The last Run cover

The Last Run: A True Story of Rescue and Redemption on the Alaska Seas

Loring Ingraham
Professor of Clinical Psychology 
Director, Professional Psychology Program 

“For a good quarantine read, how about one of my favorites: The Last Run: A True Story of Rescue and Redemption on the Alaska Seas by Todd Lewan? It’s a gripping story with the power to immerse the reader in another world. I recommend it as a celebration of endurance against great odds, balanced with caution about the consequences of disregarding nature. Unforgettable!”

On the Lighter Side

Fun Home book cover

Fun Home

Gayle Wald
Chair of American Studies
Professor of English and American Studies

“If you haven’t ever read a graphic novel, or if a wickedly funny memoir would speak to your needs at this moment, I would recommend Alison Bechdel’s queer coming-of-age graphic memoir Fun Home, which was the basis for the popular Broadway musical of the same name. I recently picked it up and was blown away by Bechdel's combination of braininess, humor and honesty about her complicated childhood and fraught love for her gay father.”

Here for It book cover

Here for It: Or, How to Save Your Soul in America

Lisa Bowleg
Professor of Applied Social Psychology

“I need light and funny during this time, for obvious reasons. So I’m going with a hilarious book that I’m reading now: Here for It: Or, How to Save Your Soul in America by R. Eric Thomas. It’s a memoir written by one of the most intellectually and comically-nimble, insightful, talented and fall-on-the-ground funny writers I’ve read in ages. He has such a trenchant wit and knack for comedic detail. As an intersectionality scholar, I find his use of Black and gay vernacular to be just delicious! I’m almost at the end of it and am slow-rolling my read just to sustain the joy a bit longer.” 

The Witches Are Coming , Lindy West cover

The Witches Are Coming

Katrina Pairera
Assistant Professor of Communication

The Witches Are Coming by Lindy West. She is one of the smartest and funniest writers on the planet. This collection of essays has it all: sweet relief from our current reality (like a compelling appraisal of the best Doritos flavors) and powerful essays on our cultural and political point in time. No matter what you think of the book, you’ll want to talk about it during your next Zoom happy hour.”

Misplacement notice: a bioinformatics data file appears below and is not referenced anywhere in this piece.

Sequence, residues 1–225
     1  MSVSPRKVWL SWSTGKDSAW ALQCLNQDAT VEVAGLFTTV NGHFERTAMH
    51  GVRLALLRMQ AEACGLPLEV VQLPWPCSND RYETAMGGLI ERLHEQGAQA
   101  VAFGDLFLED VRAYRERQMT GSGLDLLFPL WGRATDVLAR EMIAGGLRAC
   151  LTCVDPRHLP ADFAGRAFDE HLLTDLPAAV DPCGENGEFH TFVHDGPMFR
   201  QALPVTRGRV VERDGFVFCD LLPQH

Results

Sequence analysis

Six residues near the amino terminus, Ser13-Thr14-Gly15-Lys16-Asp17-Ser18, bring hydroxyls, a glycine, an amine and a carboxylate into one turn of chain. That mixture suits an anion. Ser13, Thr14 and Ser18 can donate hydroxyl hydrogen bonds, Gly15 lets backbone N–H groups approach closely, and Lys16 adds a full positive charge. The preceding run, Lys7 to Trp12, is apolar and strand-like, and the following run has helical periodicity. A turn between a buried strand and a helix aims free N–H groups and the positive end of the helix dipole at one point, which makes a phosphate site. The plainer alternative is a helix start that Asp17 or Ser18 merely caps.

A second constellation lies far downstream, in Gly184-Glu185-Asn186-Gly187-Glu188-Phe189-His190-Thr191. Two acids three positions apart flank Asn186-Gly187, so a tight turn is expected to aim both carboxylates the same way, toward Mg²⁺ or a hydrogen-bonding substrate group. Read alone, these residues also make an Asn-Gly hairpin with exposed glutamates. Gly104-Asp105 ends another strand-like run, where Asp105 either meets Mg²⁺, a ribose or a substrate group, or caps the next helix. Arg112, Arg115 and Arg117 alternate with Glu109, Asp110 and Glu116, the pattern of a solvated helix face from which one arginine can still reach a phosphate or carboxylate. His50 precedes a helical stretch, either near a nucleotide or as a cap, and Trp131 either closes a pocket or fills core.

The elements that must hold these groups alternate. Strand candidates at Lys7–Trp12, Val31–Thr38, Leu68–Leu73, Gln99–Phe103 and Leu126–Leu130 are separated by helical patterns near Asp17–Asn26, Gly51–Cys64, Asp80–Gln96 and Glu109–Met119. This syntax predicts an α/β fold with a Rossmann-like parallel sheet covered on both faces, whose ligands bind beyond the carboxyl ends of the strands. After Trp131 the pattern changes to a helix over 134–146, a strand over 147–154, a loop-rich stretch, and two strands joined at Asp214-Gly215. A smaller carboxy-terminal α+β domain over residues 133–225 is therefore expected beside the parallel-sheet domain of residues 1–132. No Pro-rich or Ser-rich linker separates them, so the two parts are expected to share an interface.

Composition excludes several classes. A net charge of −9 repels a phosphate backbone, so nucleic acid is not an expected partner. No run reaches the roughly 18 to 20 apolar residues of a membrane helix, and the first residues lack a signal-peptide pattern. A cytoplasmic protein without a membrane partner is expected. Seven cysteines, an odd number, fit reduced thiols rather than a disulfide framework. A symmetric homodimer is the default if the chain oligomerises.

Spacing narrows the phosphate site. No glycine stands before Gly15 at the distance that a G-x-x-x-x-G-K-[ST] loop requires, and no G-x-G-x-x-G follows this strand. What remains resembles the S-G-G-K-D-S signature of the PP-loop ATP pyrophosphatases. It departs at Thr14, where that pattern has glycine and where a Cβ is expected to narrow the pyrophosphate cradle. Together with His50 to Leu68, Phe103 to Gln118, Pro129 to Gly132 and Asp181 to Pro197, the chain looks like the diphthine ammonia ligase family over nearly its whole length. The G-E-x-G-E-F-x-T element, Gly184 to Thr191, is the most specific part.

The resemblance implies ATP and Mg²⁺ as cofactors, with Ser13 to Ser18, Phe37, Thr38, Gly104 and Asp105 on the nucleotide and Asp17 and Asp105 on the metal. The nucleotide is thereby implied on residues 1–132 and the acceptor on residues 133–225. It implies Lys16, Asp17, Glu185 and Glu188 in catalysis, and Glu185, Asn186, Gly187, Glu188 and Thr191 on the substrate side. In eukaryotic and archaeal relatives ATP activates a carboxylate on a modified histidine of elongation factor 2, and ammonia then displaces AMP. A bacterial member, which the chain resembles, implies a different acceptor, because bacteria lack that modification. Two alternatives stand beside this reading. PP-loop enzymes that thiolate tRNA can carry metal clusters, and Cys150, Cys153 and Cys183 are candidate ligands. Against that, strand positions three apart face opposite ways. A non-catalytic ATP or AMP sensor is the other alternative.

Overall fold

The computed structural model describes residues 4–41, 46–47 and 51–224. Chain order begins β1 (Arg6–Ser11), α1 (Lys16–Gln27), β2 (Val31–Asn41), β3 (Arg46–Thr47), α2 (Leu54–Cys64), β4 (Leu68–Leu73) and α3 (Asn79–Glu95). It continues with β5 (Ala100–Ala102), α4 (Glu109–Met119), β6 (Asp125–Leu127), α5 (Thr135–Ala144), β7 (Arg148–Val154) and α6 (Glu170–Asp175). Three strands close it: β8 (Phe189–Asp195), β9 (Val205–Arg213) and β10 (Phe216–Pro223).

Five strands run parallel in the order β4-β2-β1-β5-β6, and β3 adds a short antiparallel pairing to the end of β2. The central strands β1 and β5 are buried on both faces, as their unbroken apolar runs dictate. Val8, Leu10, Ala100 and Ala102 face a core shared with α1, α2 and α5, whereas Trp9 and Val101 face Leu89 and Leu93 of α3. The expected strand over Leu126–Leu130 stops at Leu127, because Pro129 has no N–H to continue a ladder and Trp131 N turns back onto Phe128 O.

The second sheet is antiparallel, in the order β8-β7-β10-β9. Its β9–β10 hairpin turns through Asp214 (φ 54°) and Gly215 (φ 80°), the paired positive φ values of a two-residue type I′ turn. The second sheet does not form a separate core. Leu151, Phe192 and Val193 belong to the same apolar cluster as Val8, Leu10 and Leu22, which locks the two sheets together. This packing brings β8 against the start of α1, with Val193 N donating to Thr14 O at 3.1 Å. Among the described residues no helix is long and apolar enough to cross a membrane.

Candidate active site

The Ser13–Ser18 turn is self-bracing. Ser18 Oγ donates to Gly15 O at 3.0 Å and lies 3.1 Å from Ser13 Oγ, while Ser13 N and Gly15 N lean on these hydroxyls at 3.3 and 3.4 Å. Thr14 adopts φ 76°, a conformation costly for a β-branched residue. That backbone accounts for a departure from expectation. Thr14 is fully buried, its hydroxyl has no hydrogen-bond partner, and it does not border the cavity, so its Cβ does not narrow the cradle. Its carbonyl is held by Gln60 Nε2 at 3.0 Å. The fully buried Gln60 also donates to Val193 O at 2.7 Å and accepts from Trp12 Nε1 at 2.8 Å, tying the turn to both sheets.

Reading About Race

So You Want To Talk About Race By Ijeoma Oluo cover

So You Want To Talk About Race

Recommended by Shelley Brundage, Chair, Speech, Language and Hearing Sciences

Between The World And Me By Ta-Nehisi Coates cover

Between the World and Me

Recommended by Bruce Dickson, Professor of Political Science and International Affairs

White Fragility By Robin DiAngelo cover

White Fragility

Recommended by Orti Guillermo, Louis Weintraub Professor of Biology

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How to Be an Antiracist

Recommended by Loring J. Ingraham, Professor of Clinical Psychology

Chocolate City: A History Of Race And Democracy In The Nation's Capital By Chris Myers Asch cover

Chocolate City: A History of Race and Democracy in the Nation's Capital

Recommended by Eric Lawrence, Associate Professor of Political Science

Martin & Malcolm & America By James H. Cone cover

Martin & Malcolm & America

Recommended by Derek Malone-France, Associate Professor of Religion, Philosophy and Writing


Lose Your Mother By Saidiya Hartman cover

Lose Your Mother

Recommended by Rachel Riedner, Professor of Writing and of Women's, Gender, and Sexuality Studies

The Nickel Boys By Colson Whitehead cover

The Nickel Boys

Recommended by Susan Sterner, Associate Professor of Art and Design

The End Of Policing By Alex S. Vitale cover

The End of Policing

Recommended by Gayle Wald, Professor of English and American Studies